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Index Prokaryote

A prokaryote is a unicellular organism that lacks a membrane-bound nucleus, mitochondria, or any other membrane-bound organelle. [1]

124 relations: Abiogenesis, Adaptation, Antarctica, Archaea, Asexual reproduction, Associated Press, Bacillus (shape), Bacteria, Bacterial cell structure, Bacterial conjugation, Bacterial microcompartment, Bacteriophage, Basal metabolic rate, Biofilm, Biological dispersal, Biological life cycle, Biological membrane, Carboxysome, Carl Woese, Cell membrane, Cell nucleus, Cell signaling, Cell wall, Cellular compartment, Chemotaxis, Chloroplast, Chromosome, Circulatory system, Co-operation (evolution), Coccus, Colony (biology), Cryobiology, Cyanobacteria, Cytoplasm, Cytoplasmic inclusion, Cytosol, DNA, Domain (biology), Eukaryote, Evolution of sexual reproduction, Extremophile, Fission (biology), Flagellin, Flagellum, Fossil, FtsZ, Gene expression, Genome, Glycocalyx, Glycoprotein, ..., Greek language, Habitat, Halophile, Haloquadratum, Horizontal gene transfer, Hot spring, Hydrogen sulfide, Hydrothermal vent, Inclusive fitness, Inorganic compound, Johann Peter Gogarten, Kin selection, Kingdom (biology), Life on Mars, List of sequenced archaeal genomes, List of sequenced bacterial genomes, Lithotroph, Metabolite, Methanogen, Microcolony, Mitochondrion, Molecular evolution, Monera, MreB, Multicellular organism, Mycoplasma, Mycoplasma genitalium, Myxobacteria, Nanobacterium, Nanobe, Natural competence, Nuclear envelope, Nucleoid, Nut (fruit), Online Etymology Dictionary, Organelle, Organic compound, Oxidative phosphorylation, Parakaryon myojinensis, Pathogen, PH, Phagocytosis, Photosynthesis, Planctomycetes, Plankton, Plasmid, Polysaccharide, Programmed cell death, Prokaryotic cytoskeleton, Protein, Protocell, Quorum sensing, Radiation, Ribosome, RNA, Scientific American, Seed, Solubility, Spirochaete, Surface-area-to-volume ratio, Symbiogenesis, Symbiosis, Temperature, Thermophile, Thermoplasma, Thiomargarita namibiensis, Three-domain system, Transduction (genetics), Transformation (genetics), Translation (biology), Two-empire system, Unicellular organism, Vibrio, Virus. Expand index (74 more) »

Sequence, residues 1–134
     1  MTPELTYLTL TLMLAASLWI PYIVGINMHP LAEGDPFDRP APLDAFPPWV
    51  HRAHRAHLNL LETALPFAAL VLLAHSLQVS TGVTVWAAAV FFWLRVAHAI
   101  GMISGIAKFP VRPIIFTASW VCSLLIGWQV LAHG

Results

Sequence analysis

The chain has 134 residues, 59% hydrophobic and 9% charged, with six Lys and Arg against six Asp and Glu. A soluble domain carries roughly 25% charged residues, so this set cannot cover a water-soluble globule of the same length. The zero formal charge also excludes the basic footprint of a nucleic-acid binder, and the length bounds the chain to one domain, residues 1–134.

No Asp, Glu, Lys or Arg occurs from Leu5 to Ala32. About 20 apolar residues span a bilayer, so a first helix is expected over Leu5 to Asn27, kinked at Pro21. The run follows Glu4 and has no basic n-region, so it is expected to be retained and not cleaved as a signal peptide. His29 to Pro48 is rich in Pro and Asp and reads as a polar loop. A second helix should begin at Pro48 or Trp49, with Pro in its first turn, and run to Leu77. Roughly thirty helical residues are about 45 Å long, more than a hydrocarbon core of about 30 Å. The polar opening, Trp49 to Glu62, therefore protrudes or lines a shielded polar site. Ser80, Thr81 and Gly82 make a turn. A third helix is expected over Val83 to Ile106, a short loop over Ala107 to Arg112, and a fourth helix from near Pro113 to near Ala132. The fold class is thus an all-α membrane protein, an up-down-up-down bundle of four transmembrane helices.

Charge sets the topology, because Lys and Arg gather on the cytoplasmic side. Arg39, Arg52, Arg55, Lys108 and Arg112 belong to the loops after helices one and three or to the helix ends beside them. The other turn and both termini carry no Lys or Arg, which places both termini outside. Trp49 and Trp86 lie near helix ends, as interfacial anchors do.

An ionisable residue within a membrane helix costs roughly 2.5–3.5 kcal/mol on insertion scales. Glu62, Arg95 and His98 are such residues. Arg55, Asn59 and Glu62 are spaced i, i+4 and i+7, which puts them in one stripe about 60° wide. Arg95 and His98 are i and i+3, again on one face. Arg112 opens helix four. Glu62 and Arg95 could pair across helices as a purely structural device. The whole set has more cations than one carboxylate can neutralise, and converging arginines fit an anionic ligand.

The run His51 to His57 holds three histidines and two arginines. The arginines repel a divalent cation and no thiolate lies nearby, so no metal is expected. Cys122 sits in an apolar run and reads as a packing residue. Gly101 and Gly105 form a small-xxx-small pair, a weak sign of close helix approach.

Abiogenesis, or informally the origin of life,Compare: Also occasionally called biopoiesis.

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In biology, adaptation has three related meanings.

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Antarctica is Earth's southernmost continent.

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Archaea (or or) constitute a domain of single-celled microorganisms.

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Asexual reproduction

Asexual reproduction is a type of reproduction by which offspring arise from a single organism, and inherit the genes of that parent only; it does not involve the fusion of gametes, and almost never changes the number of chromosomes.

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Associated Press

The Associated Press (AP) is a U.S.-based not-for-profit news agency headquartered in New York City.

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Bacillus (shape)

A bacillus (plural bacilli) or bacilliform bacterium is a rod-shaped bacterium or archaeon.

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Bacteria (common noun bacteria, singular bacterium) is a type of biological cell.

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Bacterial cell structure